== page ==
(Bloomberg) -- The U.S. has little leverage to prevent the Nord Stream 2 gas pipeline project between Russia and Germany from being completed, two senior administration officials said, acknowledging the failure of a years-long effort to head off what officials believe is a threat to European security.

One of the officials, who asked not to be identified discussing the administration’s take on the project, said the pipeline is nearly complete and sanctions passed Tuesday as part of a U.S. defense bill are too late to have any effect. The U.S. will instead try to impose costs on other Russian energy projects, the official added.

The admission is a rare concession on what had been a top foreign-policy priority for the Trump administration and highlights how European allies such as Germany have been impervious to American pressure to abandon the pipeline. It also shows how the U.S. has struggled to deter Russia from flexing its muscles on issues ranging from energy to Ukraine to election interference.

The administration is hoping to sharpen its focus on Russia when Deputy Secretary of State John Sullivan, who was confirmed as ambassador to the country last week, heads to Moscow next month. The post has been vacant since early October, when former envoy Jon Huntsman stepped down, and ties between the two countries have only continued to sour.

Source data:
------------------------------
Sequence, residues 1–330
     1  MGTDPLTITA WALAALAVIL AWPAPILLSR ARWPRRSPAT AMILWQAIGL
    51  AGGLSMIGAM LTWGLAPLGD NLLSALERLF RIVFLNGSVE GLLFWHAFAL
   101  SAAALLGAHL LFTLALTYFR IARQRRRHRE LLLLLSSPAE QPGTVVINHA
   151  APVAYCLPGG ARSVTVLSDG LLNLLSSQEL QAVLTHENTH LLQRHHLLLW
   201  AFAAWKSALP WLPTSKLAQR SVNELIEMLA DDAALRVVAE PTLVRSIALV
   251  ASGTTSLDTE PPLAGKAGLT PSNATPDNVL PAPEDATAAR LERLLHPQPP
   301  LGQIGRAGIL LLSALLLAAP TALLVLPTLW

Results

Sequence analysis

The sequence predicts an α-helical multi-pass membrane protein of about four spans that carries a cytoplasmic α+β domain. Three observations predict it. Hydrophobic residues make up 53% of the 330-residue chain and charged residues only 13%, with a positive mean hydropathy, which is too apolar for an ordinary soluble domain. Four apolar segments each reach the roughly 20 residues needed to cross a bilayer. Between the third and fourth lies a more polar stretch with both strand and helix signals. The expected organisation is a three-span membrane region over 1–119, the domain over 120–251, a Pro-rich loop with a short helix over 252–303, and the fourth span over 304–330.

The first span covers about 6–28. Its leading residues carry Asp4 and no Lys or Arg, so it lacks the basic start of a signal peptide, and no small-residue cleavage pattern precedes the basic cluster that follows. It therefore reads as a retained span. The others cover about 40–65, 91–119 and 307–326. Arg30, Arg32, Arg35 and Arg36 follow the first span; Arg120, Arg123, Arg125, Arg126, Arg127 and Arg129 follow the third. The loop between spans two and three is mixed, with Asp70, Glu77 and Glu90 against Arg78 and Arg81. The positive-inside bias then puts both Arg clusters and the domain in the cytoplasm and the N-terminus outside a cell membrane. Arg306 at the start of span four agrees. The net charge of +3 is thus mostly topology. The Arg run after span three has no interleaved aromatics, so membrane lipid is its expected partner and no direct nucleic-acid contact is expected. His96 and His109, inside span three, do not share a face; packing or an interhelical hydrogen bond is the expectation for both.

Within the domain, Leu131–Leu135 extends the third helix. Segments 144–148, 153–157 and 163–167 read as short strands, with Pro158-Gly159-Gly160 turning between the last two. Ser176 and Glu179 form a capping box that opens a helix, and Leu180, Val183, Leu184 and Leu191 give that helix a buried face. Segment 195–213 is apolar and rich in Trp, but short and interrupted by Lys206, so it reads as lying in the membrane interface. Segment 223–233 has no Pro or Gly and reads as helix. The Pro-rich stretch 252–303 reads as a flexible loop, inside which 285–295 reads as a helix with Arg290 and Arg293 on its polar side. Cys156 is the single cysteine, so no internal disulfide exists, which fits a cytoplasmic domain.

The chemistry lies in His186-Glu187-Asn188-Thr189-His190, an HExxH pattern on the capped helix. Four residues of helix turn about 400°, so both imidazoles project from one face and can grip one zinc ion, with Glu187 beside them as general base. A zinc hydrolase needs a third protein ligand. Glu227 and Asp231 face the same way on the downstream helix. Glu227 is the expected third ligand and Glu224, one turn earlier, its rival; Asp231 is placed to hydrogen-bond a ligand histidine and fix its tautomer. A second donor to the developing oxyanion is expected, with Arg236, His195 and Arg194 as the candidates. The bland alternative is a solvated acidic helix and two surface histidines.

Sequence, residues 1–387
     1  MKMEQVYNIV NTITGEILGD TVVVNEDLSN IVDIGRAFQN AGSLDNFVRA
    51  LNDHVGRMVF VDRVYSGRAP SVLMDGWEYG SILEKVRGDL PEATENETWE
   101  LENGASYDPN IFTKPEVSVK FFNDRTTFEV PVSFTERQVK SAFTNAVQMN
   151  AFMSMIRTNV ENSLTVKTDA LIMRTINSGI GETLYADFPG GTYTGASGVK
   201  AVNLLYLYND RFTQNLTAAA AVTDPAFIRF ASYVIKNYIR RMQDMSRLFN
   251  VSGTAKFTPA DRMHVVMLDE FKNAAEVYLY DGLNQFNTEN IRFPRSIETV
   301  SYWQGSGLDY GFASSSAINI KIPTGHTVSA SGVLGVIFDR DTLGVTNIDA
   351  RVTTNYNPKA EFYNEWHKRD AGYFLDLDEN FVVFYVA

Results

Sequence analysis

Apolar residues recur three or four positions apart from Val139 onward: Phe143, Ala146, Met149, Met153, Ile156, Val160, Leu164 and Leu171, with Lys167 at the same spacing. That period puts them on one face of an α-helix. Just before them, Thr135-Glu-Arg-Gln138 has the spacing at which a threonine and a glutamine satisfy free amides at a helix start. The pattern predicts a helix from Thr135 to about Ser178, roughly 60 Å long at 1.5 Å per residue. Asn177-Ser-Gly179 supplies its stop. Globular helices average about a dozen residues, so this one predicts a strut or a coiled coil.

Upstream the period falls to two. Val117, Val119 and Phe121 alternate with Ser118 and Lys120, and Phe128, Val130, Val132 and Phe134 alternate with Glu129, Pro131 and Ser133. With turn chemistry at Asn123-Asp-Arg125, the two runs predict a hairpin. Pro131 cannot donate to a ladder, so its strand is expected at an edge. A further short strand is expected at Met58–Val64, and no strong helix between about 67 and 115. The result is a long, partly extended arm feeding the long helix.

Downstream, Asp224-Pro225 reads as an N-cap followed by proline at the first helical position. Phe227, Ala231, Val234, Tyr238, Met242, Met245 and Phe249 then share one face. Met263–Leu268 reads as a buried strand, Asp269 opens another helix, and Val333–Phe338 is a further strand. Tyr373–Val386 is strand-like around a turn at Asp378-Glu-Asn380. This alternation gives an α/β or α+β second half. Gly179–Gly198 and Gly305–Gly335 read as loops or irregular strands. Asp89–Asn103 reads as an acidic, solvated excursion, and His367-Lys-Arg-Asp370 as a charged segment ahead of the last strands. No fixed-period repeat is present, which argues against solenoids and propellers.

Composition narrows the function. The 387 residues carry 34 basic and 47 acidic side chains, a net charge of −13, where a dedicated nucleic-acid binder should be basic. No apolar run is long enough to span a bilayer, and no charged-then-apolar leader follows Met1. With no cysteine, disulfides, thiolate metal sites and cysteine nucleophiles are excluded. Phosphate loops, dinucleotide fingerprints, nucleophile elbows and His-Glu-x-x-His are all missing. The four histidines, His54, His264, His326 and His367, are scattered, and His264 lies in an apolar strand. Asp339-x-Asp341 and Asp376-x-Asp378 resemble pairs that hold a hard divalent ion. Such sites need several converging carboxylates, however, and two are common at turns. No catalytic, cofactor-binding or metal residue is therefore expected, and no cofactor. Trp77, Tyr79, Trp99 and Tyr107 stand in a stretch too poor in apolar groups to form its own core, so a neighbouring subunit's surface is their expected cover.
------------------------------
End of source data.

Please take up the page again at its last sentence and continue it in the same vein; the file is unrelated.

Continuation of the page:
On a visit to Poland in February, Secretary of State Michael Pompeo said the Nord Stream 2 project “funnels money to Russians in ways that undermine European national security.”

Germany has rejected attempts to intercede in the project. “European energy policy must be decided in Europe, not the U.S.,” Foreign Minister Heiko Maas said in a statement on Dec. 12. “We fundamentally reject outside intervention and sanctions with extraterritorial effect.”

Trump has indicated that he’ll sign the legislation passed Tuesday. The penalties on companies building the project, led by Russian energy company Gazprom PJSC, would be effective immediately, according to a Senate Republican aide.

The measure targets vessels that lay the pipeline as well as executives from companies linked to those vessels, who could be denied visas and have transactions related to their U.S.-based property or interests blocked.

Nord Stream 2 will be in a position to be commissioned between April and June 2020, after additional connection work and testing, according to Bloomberg NEF.

--With assistance from Patrick Donahue and Daniel Flatley.

To contact the reporters on this story: Jennifer Jacobs in Washington at jjacobs68@bloomberg.net;Nick Wadhams in Washington at nwadhams@bloomberg.net

To contact the editors responsible for this story: Bill Faries at wfaries@bloomberg.net, ;Alex Wayne at awayne3@bloomberg.net, John Harney

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